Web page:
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The Beeg Horseshoe Theory

Started by Jared A. Sorensen, September 07, 2001, 07:40:00 PM

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Marco

I think that what's going on here (to my understanding) is that in a 'Simultionist' game there are still gameist mechanics and narrative story elements of some sort so it isn't 'pure.'

If I get it right, Jared's saying it's all connected because you don't every "disconnect" from the other two. That's implicitly true for all of them (in a purely Gameist dungeon crawl there's stll a story albeit a poor one).

But that doesn't mean Simulationst players/GM's don't exsit. In a game where the GM/players are concerned with "what would happen" vs. "what did happen (according to the game rules)" or "what should happen" you've got simulationist play.

I chose GURPS over Hero because of simulationist reasons (firearms in Hero didn't do it for me). I chose Fantasy Hero over AD&D for gamist reasons (the complicated and intricate character creation really appealed to me).

So I say there's very few (or no) games where one leg of the triangle *doesn't* exist--but when you put the emphasis on being real you're in Simulationist territory.

-Marco
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ConfigSys.boy

Just an interesting caveat on the idea of the horseshoe as a metaphor for explaining the relationships of the Three.  If you're going to look at it from that perspective you might as well view it as a magnet where N and G are polar opposites (remembering of course that polar opposites are more similar than they are different, they just happen to have different polarity) and some sort of balance is to be found in the middle.  That would of course agree with the assertion that most game development to date has tried to live in some segment of that middle area seeking to acheive the all coveted 'balance.'

Wether or not thats really an accurate depiction is really another issue altogether, it just seemed to me that the horshoe magnet would be more concise and descriptive means of conveying the ideas you were getting at.

=)
-ConfigSys.boy!

"The authors themselves, I suspect, hardly know what they are doing to the [young reader], and he cannot know what is being done to him."
-C. S. Lewis

Ron Edwards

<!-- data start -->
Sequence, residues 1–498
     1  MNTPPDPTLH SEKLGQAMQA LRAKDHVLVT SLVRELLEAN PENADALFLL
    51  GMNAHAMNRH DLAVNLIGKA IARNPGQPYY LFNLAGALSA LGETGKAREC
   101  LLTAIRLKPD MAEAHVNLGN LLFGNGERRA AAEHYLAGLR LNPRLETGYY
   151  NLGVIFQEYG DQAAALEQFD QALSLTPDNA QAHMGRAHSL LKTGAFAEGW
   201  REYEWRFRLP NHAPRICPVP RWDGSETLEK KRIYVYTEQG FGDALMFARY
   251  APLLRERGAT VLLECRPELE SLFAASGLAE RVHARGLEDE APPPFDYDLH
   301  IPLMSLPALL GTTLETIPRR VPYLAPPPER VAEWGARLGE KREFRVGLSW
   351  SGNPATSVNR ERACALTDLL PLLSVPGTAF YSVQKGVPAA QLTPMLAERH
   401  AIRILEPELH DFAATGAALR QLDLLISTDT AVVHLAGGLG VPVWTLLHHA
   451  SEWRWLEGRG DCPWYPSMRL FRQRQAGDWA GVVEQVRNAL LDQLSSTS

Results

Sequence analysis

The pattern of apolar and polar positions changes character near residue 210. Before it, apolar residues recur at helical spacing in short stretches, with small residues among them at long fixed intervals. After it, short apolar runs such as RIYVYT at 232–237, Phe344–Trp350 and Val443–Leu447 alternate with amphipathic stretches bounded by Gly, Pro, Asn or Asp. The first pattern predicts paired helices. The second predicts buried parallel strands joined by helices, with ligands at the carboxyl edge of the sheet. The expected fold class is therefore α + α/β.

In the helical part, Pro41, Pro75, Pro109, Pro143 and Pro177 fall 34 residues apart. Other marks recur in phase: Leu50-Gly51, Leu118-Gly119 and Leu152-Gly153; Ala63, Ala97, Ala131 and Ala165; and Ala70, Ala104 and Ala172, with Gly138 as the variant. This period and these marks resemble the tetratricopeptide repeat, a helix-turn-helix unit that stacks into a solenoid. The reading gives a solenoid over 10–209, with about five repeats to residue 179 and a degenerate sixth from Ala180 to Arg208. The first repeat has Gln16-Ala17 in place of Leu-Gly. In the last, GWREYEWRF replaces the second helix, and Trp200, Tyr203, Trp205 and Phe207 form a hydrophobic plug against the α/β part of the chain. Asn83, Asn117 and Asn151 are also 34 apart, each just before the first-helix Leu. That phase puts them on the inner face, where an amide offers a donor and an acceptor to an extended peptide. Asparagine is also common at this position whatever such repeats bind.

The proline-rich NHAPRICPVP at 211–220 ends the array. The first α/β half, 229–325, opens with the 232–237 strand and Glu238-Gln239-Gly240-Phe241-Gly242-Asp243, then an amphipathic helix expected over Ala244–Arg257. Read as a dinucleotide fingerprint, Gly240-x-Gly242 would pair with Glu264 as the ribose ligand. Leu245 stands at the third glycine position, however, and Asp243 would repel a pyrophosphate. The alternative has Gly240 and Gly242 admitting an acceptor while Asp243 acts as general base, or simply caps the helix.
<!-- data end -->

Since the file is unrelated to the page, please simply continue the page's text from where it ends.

Hey,

I have avoided suggesting visual or shape-based explanations of GNS. In the past, I've generally responded to them with "Hm, sounds interesting," or "That's a way to look at it." In a lot of cases, I've said, "Cool! Nice thinking," simply to encourage further discussion. It struck me as a good sign that people were considering the issues.

Now, however, I've come to think that any support of them was a bad idea. The phrase "GNS Triangle" has taken on an official status that it never had, for instance.

For whatever it's worth, I think the visual approach to the argument is not fruitful at this time.

Best,
Ron

ConfigSys.boy

Not to open the can of worms, which Im certain this will do, or to cause any repition from you if this is articulated in a thread I've happened to not have haunted lately.... but I'd love to hear why.

-ConfigSys.boy!

"The authors themselves, I suspect, hardly know what they are doing to the [young reader], and he cannot know what is being done to him."
-C. S. Lewis

Ron Edwards

Hi CS boy,

I'm a big fan of visual modeling, and multivariate statistical consulting is one way I made some money during grad school. It's that expertise that makes me unwilling to dash off quick, three-d or spatial models, especially when the variables themselves are badly misunderstood.

Also, many people are concerned with NON-GNS variables (like "immersion") and cannot seem to avoid bringing them in; each visual model is interpreted by such a person as being about his or her favorite variable and not what the model really is.

If I were to do such a thing for GNS theory, it would involve eigenvectors and quite possibly corroborating models, like correspondence analysis. Freaky shit, basically.

I have taken to using a Venn diagram instead, or "boxes in boxes," just to keep people better aligned toward what is being discussed.

Best,
Ron

Wart

Quote
On 2001-09-07 18:42, Clinton R Nixon wrote:
Narrativism and pure Gamism are extremes of game design. They are not the norm, and just now being explored to any depth. They are taking certain parts of games (the story, the competition) and pushing them to extremes away from the center.

I disagree. The original edition of AD&D, if you read Gygax's introduction, had a Gamist philosophy behind it, and also disparaged Simulationism. (I think the introduction to the original DM Guide shows this most clearly.)

Knight

If I were to do such a thing for GNS theory, it would involve eigenvectors and quite possibly corroborating models, like correspondence analysis. Freaky shit, basically.


Well, I'm not sure how serious you are, but that sounds interesting to me.  

jburneko

Quote
If I were to do such a thing for GNS theory, it would involve eigenvectors and quite possibly corroborating models, like correspondence analysis. Freaky shit, basically.

Whoa, I'd like to second the motion to actually see this done.  If you need more concrete data put out the word, I for one am willing to start collecting data and I'm sure others would as well.

It's been so long since I took Linear Algebra, I've forgotten what an eigenvector represents and how to calculate it.

Jesse